Enhanced Terrain Clearance Floor (ETCF) Mode
This mode uses a world wide terrain database with varying degrees of resolution and an airport database containing all hard-surface runways at least 3500 feet long, which have a published instrument procedure. [3] These databases are used to create tiers of safe altitude clearance levels. When ETCF is used in conjunction with GPS and INS systems it can virtually eliminate CFIT accidents.

Click here to watch a video on ETCF.

Peaks Mode
Peaks mode displays terrain at varying levels, in multiple colors, in order to give the flight crew and accurate picture of the surrounding terrain.
Click here to watch a video on PEAKS MODE.

-all mode information [3],[4]-


There are no frequences for EGPWSsystems as a whole. The frequencies that pertain to EGPWS are the ones related to the other systems that EGPWS uses to gather information. Theses include, but are not limited to: Rad Alt, GPS, and DME. The frequencies for these systems are as follows:

Rad Alt: 4.2 GHz - 4.4 GHz
GPS: 1.2 GHz - 1.6 GHz (L Band)
DME: 978 MHz - 1213 MHz

Ground Equipment

The ground equipment that works in conjunction with EGPWS is all related to the individual systems that EGPWS relies on for information. Systems like DME have ground stations as well as GPS, which also has space stations. These stations transmit their respective information via radio waves, which are then picked up by the aircraft and feed to the EGPWS processor to be analyzed.

Aircraft Equipment
Although the EGPWSystem is complicated, it's hardware integration into the aircraft is fairly simple. The EGPWS on board the aircraft is generally only one box with many inputs and few outputs. This system relies on the other various navigation systems to calculate and collect information for the EGPWS so that is can assess if the plane is in danger.
EGPWS Processor Computer
The inputs for the EGPWS can include, but are not limited to:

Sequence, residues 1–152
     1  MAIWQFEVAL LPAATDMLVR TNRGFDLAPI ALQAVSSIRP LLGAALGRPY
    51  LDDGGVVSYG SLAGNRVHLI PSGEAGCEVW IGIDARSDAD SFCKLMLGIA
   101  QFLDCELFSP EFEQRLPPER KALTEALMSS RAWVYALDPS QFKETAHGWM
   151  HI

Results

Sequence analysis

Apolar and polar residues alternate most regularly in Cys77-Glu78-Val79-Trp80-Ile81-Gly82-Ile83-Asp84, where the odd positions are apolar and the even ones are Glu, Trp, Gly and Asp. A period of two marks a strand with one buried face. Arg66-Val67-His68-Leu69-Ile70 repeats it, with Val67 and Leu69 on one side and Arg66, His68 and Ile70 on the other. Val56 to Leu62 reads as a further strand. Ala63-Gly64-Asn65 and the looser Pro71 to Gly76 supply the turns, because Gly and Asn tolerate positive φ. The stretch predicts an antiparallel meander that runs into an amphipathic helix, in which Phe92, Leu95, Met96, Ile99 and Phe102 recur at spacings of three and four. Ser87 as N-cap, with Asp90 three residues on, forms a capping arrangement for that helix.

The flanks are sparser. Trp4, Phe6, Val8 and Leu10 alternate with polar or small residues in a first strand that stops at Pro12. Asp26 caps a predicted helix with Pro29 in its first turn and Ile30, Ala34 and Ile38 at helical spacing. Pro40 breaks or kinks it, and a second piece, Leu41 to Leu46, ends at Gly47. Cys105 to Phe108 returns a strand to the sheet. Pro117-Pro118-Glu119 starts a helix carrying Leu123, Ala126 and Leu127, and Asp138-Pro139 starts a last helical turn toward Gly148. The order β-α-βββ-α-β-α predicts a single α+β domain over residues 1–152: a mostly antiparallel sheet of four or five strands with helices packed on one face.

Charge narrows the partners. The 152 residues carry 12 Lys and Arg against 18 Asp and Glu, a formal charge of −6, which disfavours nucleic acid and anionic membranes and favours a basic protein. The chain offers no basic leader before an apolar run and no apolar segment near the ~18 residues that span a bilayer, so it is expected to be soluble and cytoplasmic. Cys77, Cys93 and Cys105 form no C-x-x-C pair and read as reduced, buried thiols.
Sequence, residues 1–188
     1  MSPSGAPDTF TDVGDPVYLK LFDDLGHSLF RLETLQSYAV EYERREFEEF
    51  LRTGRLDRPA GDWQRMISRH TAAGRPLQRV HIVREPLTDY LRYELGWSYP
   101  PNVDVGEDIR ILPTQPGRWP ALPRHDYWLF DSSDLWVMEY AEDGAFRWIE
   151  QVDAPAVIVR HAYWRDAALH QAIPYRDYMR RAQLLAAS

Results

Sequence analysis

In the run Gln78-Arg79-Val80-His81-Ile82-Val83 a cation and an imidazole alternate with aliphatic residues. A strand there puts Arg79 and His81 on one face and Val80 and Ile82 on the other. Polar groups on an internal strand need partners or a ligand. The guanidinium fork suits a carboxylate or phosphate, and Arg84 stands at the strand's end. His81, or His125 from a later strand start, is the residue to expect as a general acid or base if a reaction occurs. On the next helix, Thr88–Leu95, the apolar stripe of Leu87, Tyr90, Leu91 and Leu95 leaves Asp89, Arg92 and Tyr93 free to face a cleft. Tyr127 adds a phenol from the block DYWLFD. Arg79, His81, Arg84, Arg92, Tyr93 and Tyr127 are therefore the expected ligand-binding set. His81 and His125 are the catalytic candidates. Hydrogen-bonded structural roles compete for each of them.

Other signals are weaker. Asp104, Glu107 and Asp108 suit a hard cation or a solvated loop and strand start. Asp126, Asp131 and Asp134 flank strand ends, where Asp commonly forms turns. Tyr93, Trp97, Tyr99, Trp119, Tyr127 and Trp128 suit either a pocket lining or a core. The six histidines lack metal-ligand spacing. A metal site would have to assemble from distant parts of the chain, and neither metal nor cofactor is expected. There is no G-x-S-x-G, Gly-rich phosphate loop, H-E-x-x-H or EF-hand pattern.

Airspeed, Barometric Altitude, Angle of attack, Rad Alt, GPS, DME, Glideslope deviation, Landing gear, Flaps, INS/IRS, Air Data Computer, and the Flight Management Computer (Terrain database).[3]
The are no inputs for the pilots to be concerned with except for activating the other systems that feed the EGPWS computer.
There are only 3 basic outputs from the EGPWS, an audio warning, a visual warning and a terrain map.The audio warnings are usually sent to the cockpit speakers but in some cases may also be routed to the pilot and co-pilots headsets. The visual warnings are displayed on annunciators mounted to the instrument panel like this one:
The terrain map can be displayed in a variety of locations. It can been seen on the weather radar display, on a multi-function display (MFD), on an electronic flight instrument system (EFIS), or on its own dedicated display seen here:


Self Test

A self test can be performed simply by powering up the aircraft, making sure that the associated systems are running and then pressing the test button on the annunciator panel. A simple self test for a EGPWSystem might look like this:

EGPWS - Self Test from Ben Koop on Vimeo.

Diagnostic Test
Diagnostic testing of the EGPWS system can usually be done with a laptop and software provided by the manufacturer. In order to do this the maintenance personal will usually have to locate the EGPWS Processor Computer and plug the laptop directly into a service port on the front face in order to program, update or diagnose the unit.

Operational Test

Due to the nature of EGPWS a full operational test is only possible during flight. The aircraft will have to be put into different fligh conditions in order to test each mode of the EGPWS. This test is usually not necessary. A simply self test is adequate enough.to test the "operation" of the system.


[1] Wikipedia, “Ground Proximity Warning System,”: Accessed on 2011-12-14, http://en.wikipedia.org/wiki/Ground_proximity_warning_system.

[2] Wikipedia, “Terrain Awareness and Warning System,”: Accessed on 2011-12-14,

[3] Jeppesen Sanderson Training Products, Avionics Fundamentals. "Chapter 18 - Ground Proximity Warning System (GPWS),": Englewood, Colorado; Library of Congress Cataloging-in-publishing.

[4] Weatherby, Lisa. Power Point Presentation. "Terrain Awareness Systems,": Accessed on 2011-12-14.

For more detailed information please see:
Honeywell, “Enhanced Ground Proximity Warning Systems,”: Accessed on 2011-12-15,